Shiraz is most likely, more than 4,000 years old. The name “Shiraz” is mentioned in cuneiform inscriptions around 2000 BC founded in southwestern of the city.
Shiraz was a strategic and important city in the Achaemenian era that persepolise is a testimony of that.
It was the Iranian capital during the Zand dynasty (AD 1747–79). Also the celebrated birthplace of the great Persian poets Hafiz, Sa’adi and now it's the capital of Fars province.
Arg of Karim Khan
Formerly a prison, but now it is an architectural wonder on exhibit. The design of the citadel combines military and residential architecture, for it was the home of Karim Khan and the military center of the dynasty. Tile works depicting legendary tales were added at entrance gate of the citadel during the Qajar period.
The beautiful Masjed-e Vakil was begun by Karim Khan and is one of the major mosques surviving from the late Zand period. It was built between 1751 and 1773, during Zand period; however it was restored in the 19th century during the Qajar period. Beside the entrance to the bazaar it has two vast porches to the north and south, a magnificent inner courtyard surrounded by beautifully tiled alcoves and porches and a pleasingly proportioned 75m-by-36m vaulted prayer hall supported by 48 carved columns. Inside the prayer hall are an impressive “Mihrab” and 14-steps marble Minar, carved from a monolith carried all the way from Azerbaijan. Much of the tiling, with its predominantly floral motifs and arabesques, was added in the early Qajar era.
A caravansary at the south entrance of Bazaar Vakil which is now functions as exhibition space for Iranian handicrafts. Highly recommended
The Shrine of Shahe-e-Cheragh
Seyed Mir Ahmad, one of Imam Reza’s 17 brothers, who was hunted down and killed by the caliphate on this site in AD 835. His remains are housed at the glittering Aramgah-e Shah-e Cheragh. A mausoleum was first erected over the grave during the 12th century but most of what you see, dates from the late-Qajar period and the Islamic Republic; expansion is ongoing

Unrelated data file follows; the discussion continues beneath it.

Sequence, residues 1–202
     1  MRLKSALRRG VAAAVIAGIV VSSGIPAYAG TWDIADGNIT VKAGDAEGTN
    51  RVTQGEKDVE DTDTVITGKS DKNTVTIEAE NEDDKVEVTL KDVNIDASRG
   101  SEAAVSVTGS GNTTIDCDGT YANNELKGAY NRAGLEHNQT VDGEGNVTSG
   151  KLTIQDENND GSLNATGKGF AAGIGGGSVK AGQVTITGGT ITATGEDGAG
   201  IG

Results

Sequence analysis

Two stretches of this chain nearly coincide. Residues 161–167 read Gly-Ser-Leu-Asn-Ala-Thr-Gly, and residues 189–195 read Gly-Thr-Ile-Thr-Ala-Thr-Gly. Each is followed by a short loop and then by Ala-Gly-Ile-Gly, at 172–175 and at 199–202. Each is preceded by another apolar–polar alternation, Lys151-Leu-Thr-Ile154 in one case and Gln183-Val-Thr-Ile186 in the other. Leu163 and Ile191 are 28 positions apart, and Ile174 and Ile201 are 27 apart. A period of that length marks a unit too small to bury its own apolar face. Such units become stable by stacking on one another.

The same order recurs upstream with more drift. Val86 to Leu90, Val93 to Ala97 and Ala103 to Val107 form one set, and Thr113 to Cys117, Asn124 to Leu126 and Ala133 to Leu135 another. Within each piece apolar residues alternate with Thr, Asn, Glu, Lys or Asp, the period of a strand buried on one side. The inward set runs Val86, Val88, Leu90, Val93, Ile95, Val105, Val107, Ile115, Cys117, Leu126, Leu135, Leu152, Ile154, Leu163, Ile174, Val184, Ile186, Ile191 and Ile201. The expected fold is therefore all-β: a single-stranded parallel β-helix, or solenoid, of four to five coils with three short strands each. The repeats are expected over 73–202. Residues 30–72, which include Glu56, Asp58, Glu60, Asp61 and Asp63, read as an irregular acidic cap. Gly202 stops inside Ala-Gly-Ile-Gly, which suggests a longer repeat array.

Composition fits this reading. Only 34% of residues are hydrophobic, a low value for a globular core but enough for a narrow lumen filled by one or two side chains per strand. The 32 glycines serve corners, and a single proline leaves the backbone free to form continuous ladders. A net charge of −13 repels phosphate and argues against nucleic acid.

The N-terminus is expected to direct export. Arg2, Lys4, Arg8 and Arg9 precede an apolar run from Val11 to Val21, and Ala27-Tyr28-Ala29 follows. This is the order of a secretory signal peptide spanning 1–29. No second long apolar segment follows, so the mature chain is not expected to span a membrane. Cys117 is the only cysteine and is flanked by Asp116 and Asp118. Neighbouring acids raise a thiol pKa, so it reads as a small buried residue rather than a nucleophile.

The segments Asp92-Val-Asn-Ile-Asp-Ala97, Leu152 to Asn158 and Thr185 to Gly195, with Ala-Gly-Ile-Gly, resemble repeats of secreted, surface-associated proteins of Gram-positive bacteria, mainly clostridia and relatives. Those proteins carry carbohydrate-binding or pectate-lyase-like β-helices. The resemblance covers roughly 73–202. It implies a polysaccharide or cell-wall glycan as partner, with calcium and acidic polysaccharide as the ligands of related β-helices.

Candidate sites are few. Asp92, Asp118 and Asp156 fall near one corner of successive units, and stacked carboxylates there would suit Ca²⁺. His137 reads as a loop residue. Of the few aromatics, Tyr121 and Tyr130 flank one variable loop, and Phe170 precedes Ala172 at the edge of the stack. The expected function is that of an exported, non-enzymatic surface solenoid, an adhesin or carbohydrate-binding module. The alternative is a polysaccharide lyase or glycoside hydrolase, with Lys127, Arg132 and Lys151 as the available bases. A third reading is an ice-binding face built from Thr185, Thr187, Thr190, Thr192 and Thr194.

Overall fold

Afif abad Garden
Bagh-e- Afifabad, A garden and houses owned by the Ghavami family. It contains a former royal mansion, a historical weapons museum and a Persian garden that is one of the oldest gardens in Shiraz. All open to the public and highly recommended.
Shiraz is known as the city of poets, gardens, nightingales and flowers. The crafts of Shiraz consist of inlaid mosaic work of triangular design; silver-ware; carpet-weaving, and the making of the rugs called gilim (Shiraz Kilim) and "jajim" in the villages and among the tribes.
Shiraz is proud of being mother land of Hafez Shirazi, Shiraz is a center for Iranian culture and has produced a number of famous poets. Sa’adi, a 12th and 13th-century poet was born in Shiraz. He left his native town at a young age for Baghdad to study Arabic literature and Islamic sciences at Al-Nizamiyya of Baghdad. When he reappeared in his native Shiraz he was an elderly man. Shiraz, under Atabak Abubakr Sa'd ibn Zangy (1231–1260) was enjoying an era of relative tranquility. Sa’adi was not only welcomed to the city but he was highly respected by the ruler and enumerated among the greats of the province. He seems to have spent the rest of his life in Shiraz. Hafez, another famous poet and mystic was also born in Shiraz. A number of scientists also originate from Shiraz. Qutb al-Din al-Shirazi, a 13th century astronomer, mathematician, physician, physicist and scientist was from Shiraz.
House of Zinat ol-Molk
Down a small lane beside the garden is the Khan-e Zinat ol-Molk, which was originally the private area of the complex and is named after its last owner, the daughter of the builder Qavam. Today most of the finely decorated rooms are stuffed with exhibits in the Fars History Museum, while others serve as galleries for young Shirazi artists. The gardens are in a walled compound 400m south of the Nasir ol-Molk Mosque.
Bagh- e- Eram- stunningly beautiful complex contains a vast network of gardens, as well as a colorful palace and a system of small artificial rivers flowing throughout the entire area. Tourists can admire the wonderful flora or follow the little canals' intricate system. Make sure the weather is sunny before coming here. Highly recommended.
Shiraz’s ancient trading district is comprised of several bazaars dating from different periods. The finest and most famous is the Bazar-e Vakil, a cruciform structure commissioned by Karim Khan as part of his plan to make Shiraz into a great trading center. It has beautiful courtyards, caravanserais, bath houses, old shops where hundreds of vendor are housed which makes it deemed among the best places in Shiraz to buy all kinds of Persian rugs, spices, copper handicrafts and antiques. Highly recommended.